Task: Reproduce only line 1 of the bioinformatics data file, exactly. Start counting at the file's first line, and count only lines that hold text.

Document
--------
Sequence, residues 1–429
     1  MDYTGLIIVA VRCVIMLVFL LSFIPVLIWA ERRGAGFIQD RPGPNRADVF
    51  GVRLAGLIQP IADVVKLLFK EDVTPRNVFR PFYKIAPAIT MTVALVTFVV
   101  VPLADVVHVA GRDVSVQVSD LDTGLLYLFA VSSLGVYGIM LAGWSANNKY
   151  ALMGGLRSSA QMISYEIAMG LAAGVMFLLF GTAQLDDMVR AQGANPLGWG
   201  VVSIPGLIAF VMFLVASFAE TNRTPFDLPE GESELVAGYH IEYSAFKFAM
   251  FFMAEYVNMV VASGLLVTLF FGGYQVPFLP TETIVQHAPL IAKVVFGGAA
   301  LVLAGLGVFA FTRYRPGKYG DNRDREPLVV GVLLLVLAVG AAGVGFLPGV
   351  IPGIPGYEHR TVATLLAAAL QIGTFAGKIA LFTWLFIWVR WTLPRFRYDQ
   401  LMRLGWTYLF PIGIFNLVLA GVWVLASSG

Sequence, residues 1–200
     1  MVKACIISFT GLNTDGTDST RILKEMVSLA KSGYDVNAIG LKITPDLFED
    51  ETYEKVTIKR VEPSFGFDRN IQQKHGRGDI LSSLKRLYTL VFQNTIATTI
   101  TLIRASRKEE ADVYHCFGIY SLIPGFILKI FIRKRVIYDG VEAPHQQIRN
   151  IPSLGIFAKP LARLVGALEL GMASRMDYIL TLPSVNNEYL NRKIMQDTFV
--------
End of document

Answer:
Sequence, residues 1–429